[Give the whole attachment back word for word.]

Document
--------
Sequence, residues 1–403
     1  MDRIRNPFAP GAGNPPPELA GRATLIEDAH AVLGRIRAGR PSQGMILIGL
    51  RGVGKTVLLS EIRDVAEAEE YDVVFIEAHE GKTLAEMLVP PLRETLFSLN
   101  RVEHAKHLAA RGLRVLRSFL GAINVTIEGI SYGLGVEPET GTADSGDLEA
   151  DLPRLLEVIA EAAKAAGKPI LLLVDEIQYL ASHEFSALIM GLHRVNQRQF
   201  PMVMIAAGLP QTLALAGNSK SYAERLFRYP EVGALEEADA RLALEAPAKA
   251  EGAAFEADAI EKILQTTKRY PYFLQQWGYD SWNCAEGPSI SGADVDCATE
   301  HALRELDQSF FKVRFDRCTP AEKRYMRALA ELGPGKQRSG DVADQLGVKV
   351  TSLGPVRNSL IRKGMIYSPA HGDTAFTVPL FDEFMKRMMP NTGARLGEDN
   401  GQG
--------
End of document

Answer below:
Sequence, residues 1–403
     1  MDRIRNPFAP GAGNPPPELA GRATLIEDAH AVLGRIRAGR PSQGMILIGL
    51  RGVGKTVLLS EIRDVAEAEE YDVVFIEAHE GKTLAEMLVP PLRETLFSLN
   101  RVEHAKHLAA RGLRVLRSFL GAINVTIEGI SYGLGVEPET GTADSGDLEA
   151  DLPRLLEVIA EAAKAAGKPI LLLVDEIQYL ASHEFSALIM GLHRVNQRQF
   201  PMVMIAAGLP QTLALAGNSK SYAERLFRYP EVGALEEADA RLALEAPAKA
   251  EGAAFEADAI EKILQTTKRY PYFLQQWGYD SWNCAEGPSI SGADVDCATE
   301  HALRELDQSF FKVRFDRCTP AEKRYMRALA ELGPGKQRSG DVADQLGVKV
   351  TSLGPVRNSL IRKGMIYSPA HGDTAFTVPL FDEFMKRMMP NTGARLGEDN
   401  GQG